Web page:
The Turkish Bath

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For other uses, see Turkish Bath (disambiguation).
The Turkish Bath
Le Bain Turc, by Jean Auguste Dominique Ingres, from C2RMF edit.jpg
Artist Jean-Auguste-Dominique Ingres
Year 1862
Type oil on wood
Dimensions 108 cm × 108 cm (43 in × 43 in)
Location Louvre

The Turkish Bath (Le Bain Turc) is an 1862 painting by the 82-year-old Jean-Auguste-Dominique Ingres, showing nude women in a harem. Originally rectangular, it was altered to its present tondo form by the artist in 1863. Its erotic content did not provoke a scandal (as compared, say, with Manet's publicly exhibited 1863 Déjeuner sur l'herbe) since for much its life it has remained in private collections. It is now in the Louvre.

History[edit]

Production[edit]

Ingres relished the irony of producing an erotic work in his old age, painting an inscription of his age (AETATIS LXXXII, "at age 82") on the work - in 1867 he told others that he still retained "all the fire of a man of thirty years".[1] He did not paint this work from live models, but from several croquis and paintings he had produced over the course of his career, re-using 'bather' and 'odalisque' figures (he had earlier produced La Grande Odalisque) he had previously drawn or painted as single figures on a bed or beside a bath. The figure best known to have been copied is from his The Bather of Valpinçon, reproduced here almost identically and forming the central element of the new composition. The figure with her arms raised above her head in the right foreground, however, is based on an 1818 croquis of the artist's wife Madeleine Chapelle (1782-1849), though her right shoulder is lowered whereas her right arm is raised (an anatomical inconsistency usual in Ingres's work - La Grande Odalisque has three additional vertebrae). The other bodies are juxtaposed in various unlit areas behind them.

Legacy[edit]

The painter's first buyer was a relation of Napoleon III, but he handed it back some days later, his wife having found it "unsuitable" ("peu convenable").[2] It was finally bought in 1865 by Khalil Bey, a former Turkish diplomat who added it to his collection of erotic paintings, which also included The Origin of the World by Gustave Courbet.

Edgar Degas demanded that The Turkish Bath be shown at the exposition universelle[disambiguation needed], in the wake of which came contrasting reactions - Paul Claudel went so far as to compare it with a "cake full of maggots".[2] At the start of the 20th century patrons wished to offer The Turkish Bath to the Louvre, but the Louvre's council refused it twice. After the national collections of Munich offered to buy it the Louvre finally accepted it in 1911, thanks to a gift by the Société des Amis du Louvre, to whom the patron Maurice Fenaille made a 3-year interest-free loan of 150,000 Francs for the purpose.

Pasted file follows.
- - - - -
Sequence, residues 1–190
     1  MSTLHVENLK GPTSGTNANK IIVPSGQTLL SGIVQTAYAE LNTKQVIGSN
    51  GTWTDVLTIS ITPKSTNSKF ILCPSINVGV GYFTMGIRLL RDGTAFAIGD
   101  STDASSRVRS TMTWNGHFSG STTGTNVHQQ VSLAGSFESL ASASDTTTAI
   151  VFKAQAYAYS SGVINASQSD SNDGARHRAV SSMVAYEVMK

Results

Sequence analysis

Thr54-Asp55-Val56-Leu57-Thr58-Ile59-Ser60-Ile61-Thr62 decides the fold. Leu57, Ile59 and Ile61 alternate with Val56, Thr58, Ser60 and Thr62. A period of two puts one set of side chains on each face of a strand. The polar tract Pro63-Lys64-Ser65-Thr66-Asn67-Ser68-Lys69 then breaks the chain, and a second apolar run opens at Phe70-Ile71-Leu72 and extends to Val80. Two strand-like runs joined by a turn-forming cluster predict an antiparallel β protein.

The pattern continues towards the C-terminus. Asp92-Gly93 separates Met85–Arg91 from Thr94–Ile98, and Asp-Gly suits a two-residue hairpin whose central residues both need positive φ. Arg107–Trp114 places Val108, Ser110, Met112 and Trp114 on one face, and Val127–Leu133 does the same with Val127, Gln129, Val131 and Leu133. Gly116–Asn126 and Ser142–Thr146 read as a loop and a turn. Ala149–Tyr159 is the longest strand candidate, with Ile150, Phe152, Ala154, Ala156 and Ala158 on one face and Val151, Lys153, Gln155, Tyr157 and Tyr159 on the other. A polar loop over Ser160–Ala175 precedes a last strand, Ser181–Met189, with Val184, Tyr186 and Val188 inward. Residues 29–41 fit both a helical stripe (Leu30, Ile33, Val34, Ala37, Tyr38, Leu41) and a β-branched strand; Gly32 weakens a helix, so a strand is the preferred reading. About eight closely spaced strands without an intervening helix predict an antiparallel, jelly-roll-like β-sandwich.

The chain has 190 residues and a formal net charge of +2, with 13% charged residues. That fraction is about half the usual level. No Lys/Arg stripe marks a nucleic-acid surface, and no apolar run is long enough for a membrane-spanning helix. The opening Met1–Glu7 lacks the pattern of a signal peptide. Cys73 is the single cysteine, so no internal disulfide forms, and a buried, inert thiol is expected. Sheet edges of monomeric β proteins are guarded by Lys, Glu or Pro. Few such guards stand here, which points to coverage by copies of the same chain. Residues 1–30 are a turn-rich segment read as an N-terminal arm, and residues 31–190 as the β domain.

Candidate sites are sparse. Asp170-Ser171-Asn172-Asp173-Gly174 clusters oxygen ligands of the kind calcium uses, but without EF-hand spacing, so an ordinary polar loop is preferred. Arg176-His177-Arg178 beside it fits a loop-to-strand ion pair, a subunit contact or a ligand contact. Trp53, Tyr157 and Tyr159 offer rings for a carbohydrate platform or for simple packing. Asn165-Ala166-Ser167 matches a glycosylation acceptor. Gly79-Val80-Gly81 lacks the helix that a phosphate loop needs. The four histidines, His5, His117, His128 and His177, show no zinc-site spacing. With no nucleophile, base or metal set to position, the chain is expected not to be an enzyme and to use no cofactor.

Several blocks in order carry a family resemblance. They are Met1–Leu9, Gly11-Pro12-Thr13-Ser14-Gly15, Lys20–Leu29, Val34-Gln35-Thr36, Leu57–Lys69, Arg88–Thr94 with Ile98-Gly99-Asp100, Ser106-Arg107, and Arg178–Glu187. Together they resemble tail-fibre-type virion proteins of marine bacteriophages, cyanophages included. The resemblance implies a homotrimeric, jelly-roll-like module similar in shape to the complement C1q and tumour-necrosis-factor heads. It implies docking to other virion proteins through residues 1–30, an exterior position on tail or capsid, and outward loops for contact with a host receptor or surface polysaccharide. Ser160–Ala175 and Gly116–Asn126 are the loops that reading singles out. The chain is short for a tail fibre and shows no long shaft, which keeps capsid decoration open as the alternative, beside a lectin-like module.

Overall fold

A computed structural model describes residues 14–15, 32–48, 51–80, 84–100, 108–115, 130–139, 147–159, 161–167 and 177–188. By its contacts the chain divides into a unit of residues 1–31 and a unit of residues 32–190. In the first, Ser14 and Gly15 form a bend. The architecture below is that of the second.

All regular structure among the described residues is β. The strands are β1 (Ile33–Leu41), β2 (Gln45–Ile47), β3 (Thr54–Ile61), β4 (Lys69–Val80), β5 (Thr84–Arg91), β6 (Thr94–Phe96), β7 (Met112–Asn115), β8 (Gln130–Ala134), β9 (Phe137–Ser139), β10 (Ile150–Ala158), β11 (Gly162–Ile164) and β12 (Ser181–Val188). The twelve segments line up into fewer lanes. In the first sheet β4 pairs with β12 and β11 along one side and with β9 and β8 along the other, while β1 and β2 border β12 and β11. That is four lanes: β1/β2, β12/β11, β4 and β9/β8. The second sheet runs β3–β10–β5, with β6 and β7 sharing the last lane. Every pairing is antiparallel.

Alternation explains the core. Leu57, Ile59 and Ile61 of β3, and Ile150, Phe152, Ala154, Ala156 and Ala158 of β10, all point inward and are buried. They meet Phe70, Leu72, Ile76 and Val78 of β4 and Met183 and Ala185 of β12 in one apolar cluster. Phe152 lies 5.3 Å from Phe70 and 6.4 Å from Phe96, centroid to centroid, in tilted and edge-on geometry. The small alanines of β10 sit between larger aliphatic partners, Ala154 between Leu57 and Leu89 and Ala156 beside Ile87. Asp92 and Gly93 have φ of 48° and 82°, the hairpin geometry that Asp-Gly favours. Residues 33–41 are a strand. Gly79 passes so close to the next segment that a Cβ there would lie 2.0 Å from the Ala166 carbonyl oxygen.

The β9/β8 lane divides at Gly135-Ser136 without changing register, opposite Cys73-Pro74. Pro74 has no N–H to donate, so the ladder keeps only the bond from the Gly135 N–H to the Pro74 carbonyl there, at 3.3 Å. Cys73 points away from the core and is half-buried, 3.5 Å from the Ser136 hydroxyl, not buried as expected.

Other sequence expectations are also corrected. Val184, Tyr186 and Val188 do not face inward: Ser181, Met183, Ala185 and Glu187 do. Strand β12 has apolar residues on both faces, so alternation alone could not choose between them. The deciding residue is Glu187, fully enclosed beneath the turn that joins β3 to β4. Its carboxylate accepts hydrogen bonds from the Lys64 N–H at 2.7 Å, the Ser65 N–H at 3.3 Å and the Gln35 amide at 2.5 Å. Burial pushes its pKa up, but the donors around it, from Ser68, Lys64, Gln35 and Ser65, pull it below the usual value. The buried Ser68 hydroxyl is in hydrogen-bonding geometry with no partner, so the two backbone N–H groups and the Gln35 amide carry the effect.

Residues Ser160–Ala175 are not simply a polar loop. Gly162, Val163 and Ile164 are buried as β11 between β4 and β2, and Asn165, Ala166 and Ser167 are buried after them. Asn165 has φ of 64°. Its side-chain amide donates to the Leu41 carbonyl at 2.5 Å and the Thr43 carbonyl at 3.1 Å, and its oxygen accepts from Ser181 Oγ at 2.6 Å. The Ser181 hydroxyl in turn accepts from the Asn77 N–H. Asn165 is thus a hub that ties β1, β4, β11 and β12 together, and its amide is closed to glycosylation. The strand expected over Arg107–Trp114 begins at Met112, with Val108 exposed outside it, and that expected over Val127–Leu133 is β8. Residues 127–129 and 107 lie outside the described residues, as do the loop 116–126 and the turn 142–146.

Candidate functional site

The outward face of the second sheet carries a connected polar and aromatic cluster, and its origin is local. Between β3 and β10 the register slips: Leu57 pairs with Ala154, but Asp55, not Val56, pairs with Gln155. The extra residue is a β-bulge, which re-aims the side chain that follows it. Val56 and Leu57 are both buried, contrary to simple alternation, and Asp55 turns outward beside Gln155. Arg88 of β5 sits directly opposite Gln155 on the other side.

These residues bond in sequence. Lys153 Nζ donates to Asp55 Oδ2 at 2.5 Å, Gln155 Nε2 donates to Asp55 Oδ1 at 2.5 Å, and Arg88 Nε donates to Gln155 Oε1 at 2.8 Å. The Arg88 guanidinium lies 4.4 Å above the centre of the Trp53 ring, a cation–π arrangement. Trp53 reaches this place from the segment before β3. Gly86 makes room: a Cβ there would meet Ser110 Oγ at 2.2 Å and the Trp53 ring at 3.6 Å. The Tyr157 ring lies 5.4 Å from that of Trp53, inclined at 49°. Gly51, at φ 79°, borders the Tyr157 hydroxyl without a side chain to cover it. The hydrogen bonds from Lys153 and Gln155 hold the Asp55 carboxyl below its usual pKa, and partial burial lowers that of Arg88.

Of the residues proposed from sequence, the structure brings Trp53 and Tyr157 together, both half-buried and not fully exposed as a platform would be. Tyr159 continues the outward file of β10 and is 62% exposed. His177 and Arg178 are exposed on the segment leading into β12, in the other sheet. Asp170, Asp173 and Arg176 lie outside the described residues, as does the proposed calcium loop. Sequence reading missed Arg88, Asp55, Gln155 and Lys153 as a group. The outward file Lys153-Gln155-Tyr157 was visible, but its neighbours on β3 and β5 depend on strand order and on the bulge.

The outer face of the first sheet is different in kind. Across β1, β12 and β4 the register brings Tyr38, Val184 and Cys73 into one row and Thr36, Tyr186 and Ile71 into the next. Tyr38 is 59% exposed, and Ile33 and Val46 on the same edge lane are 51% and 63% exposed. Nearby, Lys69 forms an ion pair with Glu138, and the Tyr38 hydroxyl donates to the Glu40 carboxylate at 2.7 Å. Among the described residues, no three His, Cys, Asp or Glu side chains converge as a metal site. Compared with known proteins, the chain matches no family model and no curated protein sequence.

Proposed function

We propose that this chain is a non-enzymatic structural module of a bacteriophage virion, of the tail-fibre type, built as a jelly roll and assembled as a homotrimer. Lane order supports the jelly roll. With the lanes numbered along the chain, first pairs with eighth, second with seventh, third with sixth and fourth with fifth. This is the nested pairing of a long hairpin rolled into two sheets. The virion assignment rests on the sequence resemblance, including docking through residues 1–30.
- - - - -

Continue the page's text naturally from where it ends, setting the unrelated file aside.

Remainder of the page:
Orientalist inspiration[edit]

Ingres was very quickly marked by the Orientalist current, re-launched by Napoleon's invasion of Egypt. In 1806, on leaving for Italy, he copied out in his notebooks a text extolling 'the baths of the seraglio of Mohammed', in which can be read a description of a harem where one:

goes into a room surrounded by sofas [...] and it is there that many women destined for this use attend the sultan in the bath, wiping his handsome body and rubbing the softest perfumes into his skin; it is there that she must then take a voluptous rest[3]

In 1825, he copied a passage from Letters from the Orient by Lady Mary Montagu, who had accompanied her British diplomat husband to the Ottoman Empire in 1716 - her letters had been re-published eight times in France alone between 1763 and 1857, adding to the Orientalist craze there. The passage Ingres copied was entitled "Description of the women's bath at Adrianople" and reads:

I believe there were two hundred women there in all. Beautiful naked women in various poses... some conversing, others at their work, others drinking coffee or tasting a sorbet, and many stretched out nonchalantly, whilst their slaves (generally ravishing girls of 17 or 18 years) plaited their hair in fantastical shapes.[4]

Even so, in contrast to Delacroix (who had visited an Algerian harem in person), Ingres never travelled to Africa or the Middle East to see such subjects in person, and the courtesans shown are more Caucasian and European than Middle Eastern or African in appearance. For Ingres the oriental theme was above all a pretext for portraying the female nude in a passive and sexual context. Exotic elements are few and far between in the image - musical instruments, a censer and a few ornaments.

References[edit]

  1. ^ After Rose-Marie & Rainer Hagen, Les dessous des chefs-d'œuvre TASCHEN 2000, Köln, pages 410 à 415. : Ingres cited in Walter PACH, Ingres, New York 1973. p. 158.
  2. ^ a b Anecdotes cited by Rose-Marie & Rainer Hagen, Les dessous des chefs-d'œuvre TASCHEN 2000, Köln, pages 410 à 415. p. 415.
  3. ^ AfterRose-Marie & Rainer Hagen, Les dessous des chefs-d'œuvre TASCHEN 2000, Köln, pages 410 à 415. : extrait des carnets de voyage de Ingres cité dans Catalogue de l'exposition du Louvre : Le Bain turc d'Ingres, Paris 1971 pp. 4,5
  4. ^ After Rose-Marie & Rainer Hagen, Les dessous des chefs-d'œuvre TASCHEN 2000, Köln, pages 410 à 415. : Lady Mary Montagu : L'islam au péril des femmes, une Anglaise en Turquie au XVIIe siècle, Paris 1981, pages 133 et suivantes

Bibliography[edit]

  • Rose-Marie & Rainer Hagen, Les dessous des chefs-d'œuvre TASCHEN 2000, Köln, pages 410 à 415.
  • Walter PACH, Ingres, New York 1973.
  • Catalogue de l'exposition du Louvre : Le Bain Turc d'Ingres, Paris 1971
  • Lady Mary Montagu : L'islam au péril des femmes, une Anglaise en Turquie au XVIIe siècle, Paris 1981

External links[edit]